If your mother or grandmother was ever hooked on cigarettes, odds are good it’s because of the work of a man named Edward Bernays.
I learned of Bernays while doing research for my novel, “Cast Aside: With Bushman at the Unmaking of ‘Ben-Hur’ in Italy.” The male narrator there is actually hired as press agent to help shunned movie idol Francis X. Bushman stage his comeback in 1924. Anyone working in the publicity game of the 1920s would have been aware of Bernays’ seminal 1923 book “Crystallizing Public Opinion,” and of his groundbreaking work for President Woodrow Wilson.
Bernays was the American nephew of Viennese psychotherapist Sigmund Freud, and had developed his own theories on how to exploit unconscious human impulses. While managing publicity for the latest U.S. tour by opera singer Enrico Caruso, World War I broke out. When it seemed to Woodrow Wilson that America could sit by no longer, he asked Bernays for advice on how to persuade Americans of the importance of getting involved in the far-off conflict.
Dubbing it “the war to end all wars,” Bernays ran with the promise of “making the world safe for democracy.” Almost unnoticed, Bernays shifted the whole purpose of advertising away from exploiting human needs and toward whipping up hidden desires.
After the war, Bernays founded the Council on Public Relations with the intention of using the same methods during peacetime.
Soon U.S. tobacco companies came to Bernays with a different marketing challenge. A longstanding social taboo against women smoking in public was limiting their sales. Borrowing a page from the suffragettes, Bernays framed the issue of women smoking as a challenge to male power. He devised a campaign that branded all cigarettes seen in the hands of ladies as “torches of freedom.”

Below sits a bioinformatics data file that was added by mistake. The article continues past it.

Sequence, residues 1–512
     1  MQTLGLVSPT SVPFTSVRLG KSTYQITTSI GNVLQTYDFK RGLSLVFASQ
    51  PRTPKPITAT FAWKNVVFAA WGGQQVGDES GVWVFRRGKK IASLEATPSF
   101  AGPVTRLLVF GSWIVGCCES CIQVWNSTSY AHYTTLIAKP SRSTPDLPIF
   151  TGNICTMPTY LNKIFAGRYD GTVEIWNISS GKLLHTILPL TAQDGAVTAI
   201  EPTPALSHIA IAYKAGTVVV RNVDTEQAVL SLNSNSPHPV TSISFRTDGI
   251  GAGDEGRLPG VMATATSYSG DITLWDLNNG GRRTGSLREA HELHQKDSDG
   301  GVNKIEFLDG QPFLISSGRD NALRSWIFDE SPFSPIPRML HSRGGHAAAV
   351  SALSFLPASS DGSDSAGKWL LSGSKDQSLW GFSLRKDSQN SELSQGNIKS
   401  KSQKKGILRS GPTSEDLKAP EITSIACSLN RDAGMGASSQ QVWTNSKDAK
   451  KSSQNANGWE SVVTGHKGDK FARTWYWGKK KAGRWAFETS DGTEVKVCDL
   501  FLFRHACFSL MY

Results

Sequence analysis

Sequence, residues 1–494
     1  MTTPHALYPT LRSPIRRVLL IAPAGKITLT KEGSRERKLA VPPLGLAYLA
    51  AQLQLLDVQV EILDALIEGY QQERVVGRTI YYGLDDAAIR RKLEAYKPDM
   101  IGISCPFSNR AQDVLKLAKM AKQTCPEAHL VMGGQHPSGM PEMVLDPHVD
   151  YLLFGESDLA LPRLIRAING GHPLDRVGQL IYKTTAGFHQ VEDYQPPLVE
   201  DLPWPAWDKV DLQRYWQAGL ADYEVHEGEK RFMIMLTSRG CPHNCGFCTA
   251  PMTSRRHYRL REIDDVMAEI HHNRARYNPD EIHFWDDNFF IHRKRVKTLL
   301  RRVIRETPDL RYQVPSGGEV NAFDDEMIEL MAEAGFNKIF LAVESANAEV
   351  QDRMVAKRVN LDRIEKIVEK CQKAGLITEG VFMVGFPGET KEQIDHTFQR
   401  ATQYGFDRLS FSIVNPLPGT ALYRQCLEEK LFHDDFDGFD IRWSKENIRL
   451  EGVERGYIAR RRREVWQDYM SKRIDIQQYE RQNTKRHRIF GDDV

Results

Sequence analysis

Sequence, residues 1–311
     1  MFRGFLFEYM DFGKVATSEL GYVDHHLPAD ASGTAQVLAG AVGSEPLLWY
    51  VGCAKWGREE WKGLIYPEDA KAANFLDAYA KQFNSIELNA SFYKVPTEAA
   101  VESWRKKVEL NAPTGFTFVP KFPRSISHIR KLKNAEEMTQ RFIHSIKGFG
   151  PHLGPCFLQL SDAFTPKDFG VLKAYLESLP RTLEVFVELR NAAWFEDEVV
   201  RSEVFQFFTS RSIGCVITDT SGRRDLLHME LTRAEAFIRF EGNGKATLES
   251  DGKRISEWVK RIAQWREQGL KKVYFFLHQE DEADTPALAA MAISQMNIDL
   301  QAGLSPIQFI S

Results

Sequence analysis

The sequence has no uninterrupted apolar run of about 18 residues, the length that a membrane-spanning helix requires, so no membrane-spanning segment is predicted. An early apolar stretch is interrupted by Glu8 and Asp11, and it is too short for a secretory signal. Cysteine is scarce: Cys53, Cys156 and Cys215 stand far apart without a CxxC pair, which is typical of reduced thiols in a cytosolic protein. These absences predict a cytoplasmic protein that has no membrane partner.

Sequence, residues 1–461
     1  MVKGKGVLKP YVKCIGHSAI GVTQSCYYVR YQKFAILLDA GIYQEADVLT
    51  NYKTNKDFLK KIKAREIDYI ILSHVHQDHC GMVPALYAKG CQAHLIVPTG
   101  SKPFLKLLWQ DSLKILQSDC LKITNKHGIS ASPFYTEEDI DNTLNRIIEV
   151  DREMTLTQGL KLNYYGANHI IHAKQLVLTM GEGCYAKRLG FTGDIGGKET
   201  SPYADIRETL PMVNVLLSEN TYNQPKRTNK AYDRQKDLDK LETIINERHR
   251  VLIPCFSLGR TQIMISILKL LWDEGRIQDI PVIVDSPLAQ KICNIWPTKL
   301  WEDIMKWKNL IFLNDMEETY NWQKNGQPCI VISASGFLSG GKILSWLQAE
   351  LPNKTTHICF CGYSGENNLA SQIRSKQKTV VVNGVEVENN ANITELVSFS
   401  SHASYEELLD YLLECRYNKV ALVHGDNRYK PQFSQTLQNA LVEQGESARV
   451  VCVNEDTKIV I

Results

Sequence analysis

Women had no sudden new need for tobacco. But Bernays’ ads made them feel they had to show their independence. Soon women were smoking on the street and in restaurants, at society galas and, most significantly, in Hollywood movies.
The idea that it was somehow more enlightened to smoke had an unforeseen consequence: It made women seem more approachable and “sporting” to carefree bachelors.
Even while despots in Europe were adopting Bernays’ ideas for controlling the masses, his ideas were doing untold damage in America. If crowds could be so easily manipulated on an unconscious level, how could a majority of voters be trusted to make rational, informed choices as to the direction of the country? Trust in the institution of democracy itself was eroding.
Polls and media specialists were suddenly crucial in the running of a successful political campaign. The republic was vulnerable to ideas planted by invisible elites. The party that proved most adept at stoking discontent could “engineer” popular consent for its agenda and ride the wave to victory.
A full-length documentary on Edward Bernays and the writing of his 1923 book “Crystallizing Public Opinion” can be found on YouTube here:
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